In about two and a half weeks, Mr. Ashbury and I will be leaving, destination New Orleans and the RT Booklovers’ Convention. This will be my 7th, and my final, attendance at this event.
The first time I went to RT, I was an aspiring author, with an appointment to pitch my novel—the first I had written specifically to sell, but in fact the 10th novel I had written—to the publisher of Siren Publishing. I was by turns excited and nervous. I had never pitched a novel before. My husband and my daughter made the trip with me, and once there in Daytona Beach, I was in the company of good friends, including Kelley Armstrong.
This was at the ‘dawn’—or within a few years of it—of e-publishing. E-books hadn’t yet taken off. But I thought, here was an opportunity for me to realize my life-long dream of becoming a published author.
Of course, after getting home, sending my manuscript, receiving it back and fixing something known as “head hopping”, and then returning it again, Siren offered to publish it.
A lot has happened since that first RT. The publishing industry continues to evolve and change, and those involved in the industry—either directly or on the periphery—must change with it.
When I first attended this convention as a published author I had only that first book and I felt on top of the world (that feeling lingers). With every subsequent convention, my backlist has grown, as has my readership. And as an author, I began to notice subtle differences between my career in e-publishing, and what I could see of the careers of the traditional “print published” authors that I knew.
I think the biggest difference would have to be the readers we attract, themselves. My books are published on line, as it were—and are available not only through my publisher but also through Amazon and Barnes & Noble and other e-book sellers. One can read my novels on their PCs, kindles, nooks, kobos, ipads, and tablets and even on their phones!. They are also available in trade paperback, and I do have some loyal readers who prefer the printed book. But even those wonderful souls found me on line. I have a Face Book page for me, and my “alter ego” Cara Covington has a “fan page”. I have a street team, which is a “secret” Face Book group.
I am blessed to be able to tell you that I have an active, and caring relationship with many of my readers, and that happens on line. They ask me questions, and I answer them. We chat, and while I don’t spend a lot of time doing that, it’s a vital part of being an author of e-books— and a vital part of my program.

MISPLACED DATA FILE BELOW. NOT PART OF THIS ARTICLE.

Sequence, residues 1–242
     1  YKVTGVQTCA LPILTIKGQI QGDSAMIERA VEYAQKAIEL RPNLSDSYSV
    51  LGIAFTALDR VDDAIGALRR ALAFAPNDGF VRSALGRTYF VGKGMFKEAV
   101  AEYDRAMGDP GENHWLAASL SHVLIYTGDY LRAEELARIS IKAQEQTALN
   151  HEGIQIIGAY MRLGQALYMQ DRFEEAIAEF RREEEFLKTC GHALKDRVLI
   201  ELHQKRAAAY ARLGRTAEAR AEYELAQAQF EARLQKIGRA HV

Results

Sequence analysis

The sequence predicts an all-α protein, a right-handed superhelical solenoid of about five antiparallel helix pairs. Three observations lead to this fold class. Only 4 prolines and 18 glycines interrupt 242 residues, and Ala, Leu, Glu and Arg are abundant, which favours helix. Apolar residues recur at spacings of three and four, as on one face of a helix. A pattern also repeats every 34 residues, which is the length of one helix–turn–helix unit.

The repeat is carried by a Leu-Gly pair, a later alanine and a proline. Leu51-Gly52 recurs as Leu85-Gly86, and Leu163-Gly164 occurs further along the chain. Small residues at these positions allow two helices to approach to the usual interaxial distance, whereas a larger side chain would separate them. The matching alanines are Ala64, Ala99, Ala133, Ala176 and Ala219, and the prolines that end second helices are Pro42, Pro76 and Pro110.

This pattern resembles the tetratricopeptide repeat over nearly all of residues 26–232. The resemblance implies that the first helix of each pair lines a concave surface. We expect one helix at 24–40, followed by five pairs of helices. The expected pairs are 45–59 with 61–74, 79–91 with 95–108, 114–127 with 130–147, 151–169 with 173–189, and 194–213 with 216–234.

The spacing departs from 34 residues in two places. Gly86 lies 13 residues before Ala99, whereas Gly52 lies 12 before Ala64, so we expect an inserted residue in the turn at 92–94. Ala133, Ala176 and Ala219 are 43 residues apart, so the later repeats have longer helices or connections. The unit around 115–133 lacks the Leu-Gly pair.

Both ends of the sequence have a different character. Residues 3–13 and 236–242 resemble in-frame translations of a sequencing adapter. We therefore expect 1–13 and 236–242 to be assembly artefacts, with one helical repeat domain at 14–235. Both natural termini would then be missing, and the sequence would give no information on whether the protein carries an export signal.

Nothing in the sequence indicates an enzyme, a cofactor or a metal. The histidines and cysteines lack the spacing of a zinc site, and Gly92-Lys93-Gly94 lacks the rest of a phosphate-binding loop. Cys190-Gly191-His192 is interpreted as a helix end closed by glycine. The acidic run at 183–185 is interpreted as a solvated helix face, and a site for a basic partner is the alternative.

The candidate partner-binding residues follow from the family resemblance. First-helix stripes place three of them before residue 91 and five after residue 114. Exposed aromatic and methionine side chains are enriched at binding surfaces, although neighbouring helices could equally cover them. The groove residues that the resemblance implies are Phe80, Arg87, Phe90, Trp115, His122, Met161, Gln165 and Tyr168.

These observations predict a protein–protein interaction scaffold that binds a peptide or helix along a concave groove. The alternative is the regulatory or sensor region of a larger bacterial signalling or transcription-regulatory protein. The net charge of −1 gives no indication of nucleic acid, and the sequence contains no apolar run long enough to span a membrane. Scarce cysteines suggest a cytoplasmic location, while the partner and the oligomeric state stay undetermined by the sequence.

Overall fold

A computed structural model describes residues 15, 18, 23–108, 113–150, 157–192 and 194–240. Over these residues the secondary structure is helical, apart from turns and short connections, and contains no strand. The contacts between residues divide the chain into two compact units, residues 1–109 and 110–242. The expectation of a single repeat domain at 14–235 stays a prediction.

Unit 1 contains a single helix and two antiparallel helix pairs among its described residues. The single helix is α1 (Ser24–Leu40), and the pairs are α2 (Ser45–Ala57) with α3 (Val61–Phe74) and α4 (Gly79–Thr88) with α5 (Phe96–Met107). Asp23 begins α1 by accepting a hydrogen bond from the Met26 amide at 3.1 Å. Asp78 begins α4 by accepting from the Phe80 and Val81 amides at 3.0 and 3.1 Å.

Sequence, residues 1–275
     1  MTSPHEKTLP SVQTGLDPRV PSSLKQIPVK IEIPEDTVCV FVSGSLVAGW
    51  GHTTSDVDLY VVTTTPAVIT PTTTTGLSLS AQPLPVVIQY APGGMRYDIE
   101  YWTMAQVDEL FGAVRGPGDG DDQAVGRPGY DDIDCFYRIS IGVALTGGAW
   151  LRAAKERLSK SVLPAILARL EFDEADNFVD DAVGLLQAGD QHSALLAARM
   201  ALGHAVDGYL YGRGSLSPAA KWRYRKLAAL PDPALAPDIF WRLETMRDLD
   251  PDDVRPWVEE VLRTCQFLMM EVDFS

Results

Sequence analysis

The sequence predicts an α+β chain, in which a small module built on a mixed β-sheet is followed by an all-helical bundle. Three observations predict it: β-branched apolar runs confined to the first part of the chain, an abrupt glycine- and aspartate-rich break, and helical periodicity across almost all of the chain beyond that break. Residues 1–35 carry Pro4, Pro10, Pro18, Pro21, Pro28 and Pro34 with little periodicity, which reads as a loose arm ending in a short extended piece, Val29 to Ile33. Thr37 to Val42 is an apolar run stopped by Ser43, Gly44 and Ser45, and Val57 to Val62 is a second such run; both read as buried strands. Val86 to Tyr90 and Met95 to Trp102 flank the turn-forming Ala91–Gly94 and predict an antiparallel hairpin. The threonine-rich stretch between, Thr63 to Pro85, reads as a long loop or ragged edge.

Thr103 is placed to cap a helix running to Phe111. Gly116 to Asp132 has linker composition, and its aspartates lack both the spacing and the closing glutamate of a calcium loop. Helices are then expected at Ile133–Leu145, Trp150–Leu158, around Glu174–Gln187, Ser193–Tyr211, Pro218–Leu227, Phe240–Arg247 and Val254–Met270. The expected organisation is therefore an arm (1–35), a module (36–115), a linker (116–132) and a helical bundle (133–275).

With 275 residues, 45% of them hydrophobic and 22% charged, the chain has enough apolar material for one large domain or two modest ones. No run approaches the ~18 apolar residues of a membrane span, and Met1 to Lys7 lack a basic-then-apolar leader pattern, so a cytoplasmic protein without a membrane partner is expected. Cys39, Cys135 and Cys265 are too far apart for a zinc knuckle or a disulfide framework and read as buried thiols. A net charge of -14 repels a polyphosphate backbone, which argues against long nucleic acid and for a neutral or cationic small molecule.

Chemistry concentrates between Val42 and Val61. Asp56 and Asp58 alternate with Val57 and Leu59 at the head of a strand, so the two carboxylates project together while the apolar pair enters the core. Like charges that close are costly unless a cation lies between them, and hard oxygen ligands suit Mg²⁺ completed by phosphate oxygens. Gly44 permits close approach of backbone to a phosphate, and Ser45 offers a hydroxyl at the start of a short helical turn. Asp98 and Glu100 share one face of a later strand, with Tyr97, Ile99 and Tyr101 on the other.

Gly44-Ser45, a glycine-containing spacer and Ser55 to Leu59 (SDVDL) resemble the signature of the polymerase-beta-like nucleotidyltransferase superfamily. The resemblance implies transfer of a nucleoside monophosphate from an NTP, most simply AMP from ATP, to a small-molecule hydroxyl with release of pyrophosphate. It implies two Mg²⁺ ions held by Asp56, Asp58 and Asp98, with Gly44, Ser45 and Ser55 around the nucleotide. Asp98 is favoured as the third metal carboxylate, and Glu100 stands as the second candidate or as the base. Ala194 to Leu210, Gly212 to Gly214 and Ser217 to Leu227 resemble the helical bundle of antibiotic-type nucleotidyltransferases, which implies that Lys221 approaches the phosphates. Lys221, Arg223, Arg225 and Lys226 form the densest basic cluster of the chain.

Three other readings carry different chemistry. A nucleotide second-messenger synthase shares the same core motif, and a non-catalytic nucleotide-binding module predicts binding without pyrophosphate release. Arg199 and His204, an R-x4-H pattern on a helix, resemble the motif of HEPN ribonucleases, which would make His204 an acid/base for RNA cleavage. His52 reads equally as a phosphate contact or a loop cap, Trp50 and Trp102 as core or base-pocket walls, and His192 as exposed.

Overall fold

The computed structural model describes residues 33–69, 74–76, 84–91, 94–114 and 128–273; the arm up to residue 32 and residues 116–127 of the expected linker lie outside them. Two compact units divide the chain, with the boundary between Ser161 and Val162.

In the beginning, I attended RT in order to make contact with readers. This convention was in fact major “promotional” effort of the year. Attending this convention is not for the faint of wallet. And while I can write the expenses off my taxes, it is still a considerable amount of money to come up with. Those first few years, we traveled there on my husband’s vacation pay. It’s not just the cost of registration, which is about mid-range for a convention of it’s kind. There’s also the cost of the hotel room, our meals, and my scooter which I rent so that I can get to where I need to be during the event.
This year, in New Orleans, we’ll finally be meeting face to face with some of my fabulous readers who are on my street team. We’ll have dinner, and hang out, and I will cherish every moment of that. These are people who are coming to RT so that they can meet me. How incredibly cool is that?
But this will be my last time to attend RT as a function, because it no longer, on its own, accomplishes the purpose of bringing me to my readers. The average attendee still tends to read only, or primarily print books.
I have a global online presence and it is there—in the hallowed halls of cyberspace, where my readers and I connect. There may be other conferences and conventions for me down the road at some point. There will most definitely be more trips to Texas, and more writing retreats. I am open to new experiences.
I’m grateful to the organizers of the RT convention, because it was attending that first one that brought me to my publisher.
But the time has come to say good bye to traditions that are no longer working for me.